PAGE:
2020年6月12日 投稿:stak編集部

Showing Stak In Its Best Light 1

Here’s a quick background of me with cameras, before I dive into me with cameras with stak.

I fell into photography while walking the Shikoku Pilgrimage in 2015, when I first came to Japan.

With decently average pictures like these:

And beautifully edited pictures like these (puke):

Knowing nothing about photography and out of 1000% curiosity, I would just flick the settings around on the iPhone 4 Photo editor and make some changes that to my untrained eye looked cool. In hindsight, I now look at this as the best way to learn anything, and it was exactly the way I learned Japanese. So long as the curiosity, the sense of joy is there, just throw yourself at it and make as many mistakes as possible.

I then spent the next few years taking pictures like this with said iPhone:


Then I realized I wasn’t just having fun taking pictures, but they were actually getting good, so I got a camera and dove into that:


And then I got into it as part of my career, along with videography.

You can read more about Sounds of Japan, Bike Tour Japan, or some of my other freelance stuff on my profile, but this post is going to be about diving into something new to me entirely: marketing and product photography.

There are so many facets to what looks good to our eyes.

The fine tuning of light and color, and the artful choosing of subject and atmosphere.

There are rules that should be followed, and those that might be better broken. There are relatively concrete, mechanical concepts, and more flexible, artistic routes to be taken. This holds true with language, and any artform in my eyes. Any guides you read are not the truth, just boats that get you floating down the river.

So that leads me to where I am now. After doing so much of the freeform, travel style, street and documentary and action style work with a camera… how do I transition into the carefully calculated form of product photography?

Here are the problems I’m running into,

or one might say,

the things I am learning.

Shooting at Home

Work with what you have. Again, the same as learning a language.

First of all, it’s very difficult to find a place in one’s home that has the right balance of looking lived in, but not looking lived in by you.

And if you want to do product photography, not just social media kind of stuff, you need a space ready for that.

So, you have to create it. I had to. Plus, due to the coronavirus situation and all, I’m stuck at my parents house which is, for better or worse, full of stuff.

This is my second week of shooting. Not a bad set up at this point.

Here’s what got me here:

• Noticing the walls are not white and are messy. Okay. Walls can’t be backgrounds.

• Got colored construction paper as backgrounds.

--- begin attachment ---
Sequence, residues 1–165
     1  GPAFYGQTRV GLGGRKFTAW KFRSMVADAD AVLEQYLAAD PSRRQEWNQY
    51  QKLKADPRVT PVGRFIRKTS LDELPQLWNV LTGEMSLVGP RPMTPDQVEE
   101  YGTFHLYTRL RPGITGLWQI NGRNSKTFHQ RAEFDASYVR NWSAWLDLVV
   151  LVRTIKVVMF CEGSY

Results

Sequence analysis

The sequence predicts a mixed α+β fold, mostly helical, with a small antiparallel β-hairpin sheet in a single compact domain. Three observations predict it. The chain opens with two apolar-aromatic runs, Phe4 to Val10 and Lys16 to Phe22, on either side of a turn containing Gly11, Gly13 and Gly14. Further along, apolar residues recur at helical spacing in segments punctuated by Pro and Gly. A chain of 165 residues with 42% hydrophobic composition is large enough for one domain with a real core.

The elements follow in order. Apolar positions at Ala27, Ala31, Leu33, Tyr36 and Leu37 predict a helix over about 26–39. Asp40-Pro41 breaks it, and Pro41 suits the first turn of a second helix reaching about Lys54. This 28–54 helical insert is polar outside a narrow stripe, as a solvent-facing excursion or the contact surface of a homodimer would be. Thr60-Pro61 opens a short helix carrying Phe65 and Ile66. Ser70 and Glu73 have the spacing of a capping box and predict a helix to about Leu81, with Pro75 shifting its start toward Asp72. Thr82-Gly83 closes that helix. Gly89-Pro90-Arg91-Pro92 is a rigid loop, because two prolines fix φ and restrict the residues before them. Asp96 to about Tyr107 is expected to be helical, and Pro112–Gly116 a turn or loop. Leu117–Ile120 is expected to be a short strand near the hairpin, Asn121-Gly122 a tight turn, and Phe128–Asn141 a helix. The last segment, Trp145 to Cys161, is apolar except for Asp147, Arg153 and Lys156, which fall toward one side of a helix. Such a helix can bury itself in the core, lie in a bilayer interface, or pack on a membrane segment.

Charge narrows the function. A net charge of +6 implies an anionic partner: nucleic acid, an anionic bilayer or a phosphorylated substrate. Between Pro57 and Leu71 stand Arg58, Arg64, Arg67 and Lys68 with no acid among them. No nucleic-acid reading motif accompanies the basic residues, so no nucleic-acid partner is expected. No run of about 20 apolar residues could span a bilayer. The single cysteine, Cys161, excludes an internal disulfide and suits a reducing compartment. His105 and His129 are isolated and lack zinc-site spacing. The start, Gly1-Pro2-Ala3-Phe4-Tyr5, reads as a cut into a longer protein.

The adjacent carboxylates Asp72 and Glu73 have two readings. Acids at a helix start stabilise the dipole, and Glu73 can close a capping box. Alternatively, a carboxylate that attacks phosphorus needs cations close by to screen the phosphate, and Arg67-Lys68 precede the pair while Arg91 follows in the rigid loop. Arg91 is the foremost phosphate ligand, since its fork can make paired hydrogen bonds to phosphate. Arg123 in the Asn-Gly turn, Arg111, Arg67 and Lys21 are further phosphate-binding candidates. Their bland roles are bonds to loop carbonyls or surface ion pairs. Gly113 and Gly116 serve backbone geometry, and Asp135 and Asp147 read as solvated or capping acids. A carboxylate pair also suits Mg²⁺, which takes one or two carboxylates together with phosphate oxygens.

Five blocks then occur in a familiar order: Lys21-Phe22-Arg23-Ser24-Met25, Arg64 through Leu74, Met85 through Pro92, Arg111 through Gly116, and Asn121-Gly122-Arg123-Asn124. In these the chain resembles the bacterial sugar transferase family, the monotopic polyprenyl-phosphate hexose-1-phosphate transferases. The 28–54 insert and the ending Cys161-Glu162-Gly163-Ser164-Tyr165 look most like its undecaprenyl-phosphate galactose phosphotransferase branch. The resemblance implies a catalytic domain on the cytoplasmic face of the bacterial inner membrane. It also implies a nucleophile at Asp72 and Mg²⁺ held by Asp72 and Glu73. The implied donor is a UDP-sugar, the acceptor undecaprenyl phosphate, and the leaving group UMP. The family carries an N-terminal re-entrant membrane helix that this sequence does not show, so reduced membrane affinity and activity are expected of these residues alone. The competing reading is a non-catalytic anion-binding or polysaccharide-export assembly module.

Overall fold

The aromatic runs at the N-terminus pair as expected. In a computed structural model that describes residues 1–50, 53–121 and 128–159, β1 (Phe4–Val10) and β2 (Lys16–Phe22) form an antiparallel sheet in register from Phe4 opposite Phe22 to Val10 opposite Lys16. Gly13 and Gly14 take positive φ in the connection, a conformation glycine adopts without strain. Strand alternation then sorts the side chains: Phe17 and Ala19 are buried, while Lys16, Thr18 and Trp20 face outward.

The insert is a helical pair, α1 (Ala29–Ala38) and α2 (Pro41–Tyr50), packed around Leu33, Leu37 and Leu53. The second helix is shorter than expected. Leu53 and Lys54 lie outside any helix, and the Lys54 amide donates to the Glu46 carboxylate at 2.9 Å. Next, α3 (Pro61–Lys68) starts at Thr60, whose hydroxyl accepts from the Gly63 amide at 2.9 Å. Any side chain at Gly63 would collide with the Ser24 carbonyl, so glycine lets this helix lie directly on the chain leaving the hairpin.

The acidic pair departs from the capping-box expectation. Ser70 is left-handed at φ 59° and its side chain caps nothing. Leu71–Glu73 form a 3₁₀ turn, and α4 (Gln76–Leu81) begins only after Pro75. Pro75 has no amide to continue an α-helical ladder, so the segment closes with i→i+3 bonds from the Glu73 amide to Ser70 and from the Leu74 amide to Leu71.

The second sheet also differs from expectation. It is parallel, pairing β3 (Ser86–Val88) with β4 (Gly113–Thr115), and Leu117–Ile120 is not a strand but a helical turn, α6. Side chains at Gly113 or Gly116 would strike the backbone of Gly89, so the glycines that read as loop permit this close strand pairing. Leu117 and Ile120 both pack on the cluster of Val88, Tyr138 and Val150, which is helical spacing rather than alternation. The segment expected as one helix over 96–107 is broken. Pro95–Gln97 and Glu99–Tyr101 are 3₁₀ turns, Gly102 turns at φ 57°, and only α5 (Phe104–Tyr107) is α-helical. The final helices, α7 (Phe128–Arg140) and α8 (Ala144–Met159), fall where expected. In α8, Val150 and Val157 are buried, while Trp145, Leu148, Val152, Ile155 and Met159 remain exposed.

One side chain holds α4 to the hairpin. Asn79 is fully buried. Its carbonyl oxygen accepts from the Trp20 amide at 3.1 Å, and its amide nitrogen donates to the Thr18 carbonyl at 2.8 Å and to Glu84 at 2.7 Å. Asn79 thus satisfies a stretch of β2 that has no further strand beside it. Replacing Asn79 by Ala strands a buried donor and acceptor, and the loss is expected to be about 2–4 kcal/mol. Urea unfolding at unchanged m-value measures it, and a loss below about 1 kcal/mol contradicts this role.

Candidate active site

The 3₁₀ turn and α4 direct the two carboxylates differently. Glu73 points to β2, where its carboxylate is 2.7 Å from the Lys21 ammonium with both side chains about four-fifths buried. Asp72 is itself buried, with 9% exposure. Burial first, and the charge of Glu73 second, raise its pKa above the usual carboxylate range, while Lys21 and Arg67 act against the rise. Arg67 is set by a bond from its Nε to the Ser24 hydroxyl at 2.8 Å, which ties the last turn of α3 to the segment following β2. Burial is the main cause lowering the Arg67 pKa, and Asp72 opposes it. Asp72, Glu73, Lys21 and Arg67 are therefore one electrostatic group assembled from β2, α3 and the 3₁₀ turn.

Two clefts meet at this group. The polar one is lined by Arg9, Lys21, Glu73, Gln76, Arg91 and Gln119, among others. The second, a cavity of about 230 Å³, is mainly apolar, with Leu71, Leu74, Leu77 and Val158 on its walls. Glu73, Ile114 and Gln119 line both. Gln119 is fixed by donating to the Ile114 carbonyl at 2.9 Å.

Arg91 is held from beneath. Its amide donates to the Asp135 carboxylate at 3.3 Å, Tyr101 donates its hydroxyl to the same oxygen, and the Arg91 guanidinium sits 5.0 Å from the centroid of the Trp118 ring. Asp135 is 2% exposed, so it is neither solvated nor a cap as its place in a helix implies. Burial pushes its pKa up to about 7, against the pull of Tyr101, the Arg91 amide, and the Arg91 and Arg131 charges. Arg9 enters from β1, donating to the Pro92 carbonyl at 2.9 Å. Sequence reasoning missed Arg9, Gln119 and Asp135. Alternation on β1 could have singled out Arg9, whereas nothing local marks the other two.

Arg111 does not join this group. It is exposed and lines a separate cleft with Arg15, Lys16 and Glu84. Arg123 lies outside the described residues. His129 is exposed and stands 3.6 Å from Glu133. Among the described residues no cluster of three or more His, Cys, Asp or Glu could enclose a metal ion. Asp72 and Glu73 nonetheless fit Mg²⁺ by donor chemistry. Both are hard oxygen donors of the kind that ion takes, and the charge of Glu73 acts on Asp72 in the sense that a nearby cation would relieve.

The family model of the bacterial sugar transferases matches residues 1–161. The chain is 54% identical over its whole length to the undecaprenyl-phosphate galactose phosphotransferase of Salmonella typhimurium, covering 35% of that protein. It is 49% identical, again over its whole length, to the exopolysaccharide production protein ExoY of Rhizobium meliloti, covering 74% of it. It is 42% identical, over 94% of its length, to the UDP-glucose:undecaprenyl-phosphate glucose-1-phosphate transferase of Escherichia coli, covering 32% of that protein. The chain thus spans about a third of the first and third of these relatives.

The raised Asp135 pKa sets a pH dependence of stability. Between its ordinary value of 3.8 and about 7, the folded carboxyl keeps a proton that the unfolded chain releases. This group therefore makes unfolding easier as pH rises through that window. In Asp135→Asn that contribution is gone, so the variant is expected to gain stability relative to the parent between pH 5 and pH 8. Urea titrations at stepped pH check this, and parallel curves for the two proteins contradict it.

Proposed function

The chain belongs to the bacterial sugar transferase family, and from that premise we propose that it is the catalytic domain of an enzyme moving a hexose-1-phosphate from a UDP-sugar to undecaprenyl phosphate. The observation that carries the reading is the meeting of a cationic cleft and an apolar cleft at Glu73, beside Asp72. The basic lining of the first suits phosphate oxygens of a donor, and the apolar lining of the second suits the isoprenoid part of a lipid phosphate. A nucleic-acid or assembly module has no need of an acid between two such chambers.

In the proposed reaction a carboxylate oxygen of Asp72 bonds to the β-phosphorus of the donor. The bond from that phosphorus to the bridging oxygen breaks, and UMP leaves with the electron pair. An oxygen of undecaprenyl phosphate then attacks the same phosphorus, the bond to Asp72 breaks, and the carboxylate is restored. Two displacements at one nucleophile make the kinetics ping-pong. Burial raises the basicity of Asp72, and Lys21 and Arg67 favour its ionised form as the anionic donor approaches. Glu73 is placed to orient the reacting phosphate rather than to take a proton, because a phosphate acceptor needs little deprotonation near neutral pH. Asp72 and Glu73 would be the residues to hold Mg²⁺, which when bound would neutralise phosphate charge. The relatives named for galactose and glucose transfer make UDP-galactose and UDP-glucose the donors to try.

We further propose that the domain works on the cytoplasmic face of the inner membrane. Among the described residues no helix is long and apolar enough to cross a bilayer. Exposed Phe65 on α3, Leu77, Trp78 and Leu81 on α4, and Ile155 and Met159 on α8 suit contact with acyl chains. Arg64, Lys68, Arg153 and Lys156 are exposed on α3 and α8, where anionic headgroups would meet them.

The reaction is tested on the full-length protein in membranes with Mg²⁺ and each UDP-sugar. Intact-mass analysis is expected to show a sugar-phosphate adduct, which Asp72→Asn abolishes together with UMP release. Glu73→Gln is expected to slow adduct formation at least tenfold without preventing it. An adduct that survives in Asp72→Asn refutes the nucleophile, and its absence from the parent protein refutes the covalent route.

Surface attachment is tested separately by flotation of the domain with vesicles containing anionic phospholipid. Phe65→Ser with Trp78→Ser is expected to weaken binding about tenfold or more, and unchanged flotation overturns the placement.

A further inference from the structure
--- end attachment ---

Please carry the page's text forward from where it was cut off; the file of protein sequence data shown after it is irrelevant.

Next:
• Collected all lamps and lightbulbs

• Wrapped paper towels with rubber bands on lamps for softer lights (softer shadows)

• Found a table so I wouldn’t be crunched on the floor

• Started duct taping construction paper on the wall then realized I only get one shot with that.

• Fill the empty stak cans with coins so they had some weight to them.

• Use coffee beans to stop the cans and stak from rolling around.

• Put thumbtacks into the wall at the right distance so I could swap out different colors for backgrounds.

• Realized that I would still end up with a hard line in the middle of the background of the picture

• Created a sweep out of a white sheet which isn’t quite long enough for the table.

• Stack Harry Potter hardcover books up to prop my light at a different angle.

• Found a massive sheet of cardboard which I can use to block any glare in the room.

Here’s what I learned:

Creativity is good, but with product photos, complete control over every aspect of the shot is vital.

Most of the artistic choice comes in setting up the shot, rather than in taking it or editing it (completely different from the photography I’ve done up till now, be it videography, street, travel, etc.)

Light is so very important. Light is everything. For that you need control. I now understand why studios are kept dark and why purchasing lighting equipment is worthwhile.


Just compare these two pictures and the shadows of the subjects.


Neither of these are ‘good.’

What does that mean?

It means you don’t want to look at them by virtue of the way they look.

In the second one at least the subject (what I want you to see) is bright, but the shape of the lighting and shadow over all is just weird. The shadow’s subject is sharp and demanding. There is a vignette on only the right side. The bottom left is brighter than the product itself. The product itself is not evenly lit.

It’s actually been fascinating learning what an art it is to just put a light in the exact right position. The positioning of this lamp can completely remove shadows from the picture.


Anyways. This is just the beginning. I’ve found another series I’d love to share with you all as I go, so come along for the ride!

Here’s the last picture I worked on: a sample for the website we are working on currently.

First attempt at composition.

Plant too big. The Amazon echo is supposed to be the subject. Box helps make it bigger.


First take. Little too bright, little too orange, bottom is too black, stak’s too white.

Second attempt at an edit – a little too grey, blacks are sad.

Final edit – getting a better hang of it all, but no where near satisfied.

This is the good stuff.

See you next week.